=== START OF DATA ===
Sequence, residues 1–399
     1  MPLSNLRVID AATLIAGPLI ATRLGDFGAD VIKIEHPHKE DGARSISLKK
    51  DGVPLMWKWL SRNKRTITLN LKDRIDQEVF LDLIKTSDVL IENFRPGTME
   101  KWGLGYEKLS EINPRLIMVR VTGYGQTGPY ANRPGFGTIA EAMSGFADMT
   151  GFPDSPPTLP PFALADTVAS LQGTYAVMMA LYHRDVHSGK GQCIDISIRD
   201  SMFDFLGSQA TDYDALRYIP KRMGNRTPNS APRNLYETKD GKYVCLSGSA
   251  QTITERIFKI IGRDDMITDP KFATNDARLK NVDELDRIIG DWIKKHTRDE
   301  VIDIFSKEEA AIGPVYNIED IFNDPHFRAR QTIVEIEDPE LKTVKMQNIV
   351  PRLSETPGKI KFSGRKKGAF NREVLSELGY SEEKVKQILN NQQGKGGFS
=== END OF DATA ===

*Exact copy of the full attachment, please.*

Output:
Sequence, residues 1–399
     1  MPLSNLRVID AATLIAGPLI ATRLGDFGAD VIKIEHPHKE DGARSISLKK
    51  DGVPLMWKWL SRNKRTITLN LKDRIDQEVF LDLIKTSDVL IENFRPGTME
   101  KWGLGYEKLS EINPRLIMVR VTGYGQTGPY ANRPGFGTIA EAMSGFADMT
   151  GFPDSPPTLP PFALADTVAS LQGTYAVMMA LYHRDVHSGK GQCIDISIRD
   201  SMFDFLGSQA TDYDALRYIP KRMGNRTPNS APRNLYETKD GKYVCLSGSA
   251  QTITERIFKI IGRDDMITDP KFATNDARLK NVDELDRIIG DWIKKHTRDE
   301  VIDIFSKEEA AIGPVYNIED IFNDPHFRAR QTIVEIEDPE LKTVKMQNIV
   351  PRLSETPGKI KFSGRKKGAF NREVLSELGY SEEKVKQILN NQQGKGGFS